Georgia Clinical & Translational Science Alliance (Georgia CTSA) TL1 Core:

TL1 Application Workshop

A workshop was held on November 29 to assist with the application. See link in the “More Information” box below to view full Workshop online.

Predoctoral and Postdoctoral Clinical & Translational Research Training (supported by an NIH Clinical and Translational Science Award [CTSA])

More Information
The Georgia CTSA TL1 Program provides outstanding opportunities for clinical and translational research (CTR) training for predoctoral and postdoctoral trainees at the Georgia CTSA partner institutions: Emory University (Emory), Georgia Institute of Technology (Georgia Tech), Morehouse School of Medicine (MSM), and University of Georgia (UGA). The program is focused on providing didactic and mentored research training for predoctoral (medical students, PhD students, PharmD students) and postdoctoral (resident and fellow physicians, PhD postdocs, PharmD residents) trainees interested in a career focused on clinical and/or translational research relevant to human health.

Support: The TL1 Core provides trainees accepted into the TL1 program one year tuition support for didactic training via the MSCR program (at Emory University or Morehouse School of Medicine) or the Certificate Program in Translational Research (CPTR); stipend support, health insurance, and travel support to the annual Translational Science Meeting. In addition to didactic training (e.g., MSCR program), all TL1 trainees will have mentored research training and carry out a hypothesis driven research proposal (clinical or translational research) relevant to human health under the guidance of their lead mentor and mentoring team. The proposed research project must include a well-articulated human component and an explanation of how the research translates to improving human health. For example, studies including humanized animal model systems may be eligible. However, studies that focus on basic science are not eligible for this particular TL1 funding mechanism. Most trainees accepted into the TL1 program have pursued the MSCR as the component of their didactic research training.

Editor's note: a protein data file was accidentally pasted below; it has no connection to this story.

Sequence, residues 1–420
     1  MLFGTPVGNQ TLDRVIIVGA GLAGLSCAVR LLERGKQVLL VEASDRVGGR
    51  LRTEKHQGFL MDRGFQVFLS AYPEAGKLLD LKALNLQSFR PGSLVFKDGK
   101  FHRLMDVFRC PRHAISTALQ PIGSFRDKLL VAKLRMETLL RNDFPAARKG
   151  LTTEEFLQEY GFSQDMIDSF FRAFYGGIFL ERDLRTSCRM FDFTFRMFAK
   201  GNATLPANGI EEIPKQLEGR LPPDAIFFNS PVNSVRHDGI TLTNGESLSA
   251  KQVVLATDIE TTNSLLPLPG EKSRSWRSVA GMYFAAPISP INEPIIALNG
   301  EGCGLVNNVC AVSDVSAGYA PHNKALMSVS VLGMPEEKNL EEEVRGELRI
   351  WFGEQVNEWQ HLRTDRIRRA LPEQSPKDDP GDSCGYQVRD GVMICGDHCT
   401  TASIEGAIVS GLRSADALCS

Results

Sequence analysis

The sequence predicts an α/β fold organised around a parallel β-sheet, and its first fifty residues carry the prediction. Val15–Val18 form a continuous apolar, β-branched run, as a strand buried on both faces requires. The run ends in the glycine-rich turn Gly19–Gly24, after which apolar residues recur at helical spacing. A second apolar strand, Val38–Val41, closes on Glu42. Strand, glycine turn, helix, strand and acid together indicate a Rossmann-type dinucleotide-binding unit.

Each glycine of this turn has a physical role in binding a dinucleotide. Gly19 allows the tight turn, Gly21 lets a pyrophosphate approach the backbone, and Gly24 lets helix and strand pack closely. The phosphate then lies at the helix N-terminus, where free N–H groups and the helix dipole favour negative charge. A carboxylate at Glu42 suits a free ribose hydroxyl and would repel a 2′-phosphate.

Candidates and Goals: The Georgia CTSA TL1 candidates are recruited from a strong and diverse pool of potential candidates at the Georgia CTSA partner institutions, which include Emory, Georgia Tech, MSM and UGA. Our academic institutions feature world-class research facilities and an outstanding research environment that provides exceptional opportunities for multidisciplinary CTR training for junior investigators in public health, biomedical sciences, pharmacy, and nursing. The Georgia CTSA is dedicated to providing predoctoral and postdoctoral trainees with state-of-the-art scientific knowledge, tools, and methods to improve human health through rigorous clinical and translational research training. Through the TL1 Program, the Georgia CTSA will increase the translational research workforce and enhance career development of future leaders of the biomedical research workforce, a major mission of NIH.

There are two TL1 tracks: a predoctoral track (e.g., for PhD graduate students, medical students, PharmD students) and a postdoctoral track (e.g., for physicians in residency or fellowship training, PhD postdocs, and PharmD residents).

ELIGIBILITY: Per NIH requirements, TL1 program applicants must be a U.S. citizen or permanent resident.

Predoctoral TL1 program eligibility:

  • Medical students: Medical students from Emory University School of Medicine and Morehouse School of Medicine are eligible for TL1 support as part of a dual degree (MD/MSCR) track. Medical students accepted into the TL1 program begin after their year of clinical rotations (i.e., generally after their third year of medical school). MD/PhD students at Emory and MSM may apply during their mentored PhD training period or after their initial year of clinical rotations.
  • PharmD students: Predoctoral trainees enrolled in the UGA College of Pharmacy accepted into the TL1 program will begin the TL1 program after their second year of training. The TL1 support would provide opportunities to receive dual degrees (PharmD/MSCR track).
  • PhD graduate students: PhD-level graduate students at all Georgia CTSA partner institutions may apply to begin the TL1 in the subsequent year after passing comprehensive examinations at their institutions. The TL1 support would provide opportunities to receive dual degrees (PhD/MSCR track).

Postdoctoral TL1 program eligibility:

  • Physicians in Training: Postdoctoral physicians, including senior residents and those in clinical/research specialty fellowship programs at Emory School of Medicine and MSM may apply to the TL1 program at any point in their postdoctoral training.
  • Postdoctoral fellows with PhD, PharmD, or equivalent degrees: Postdoctoral non-physician fellows from Emory, MSM, Georgia Tech, and UGA College of Pharmacy may apply at any point in their postdoctoral training. Those enrolled in PharmD residency programs are also eligible to apply.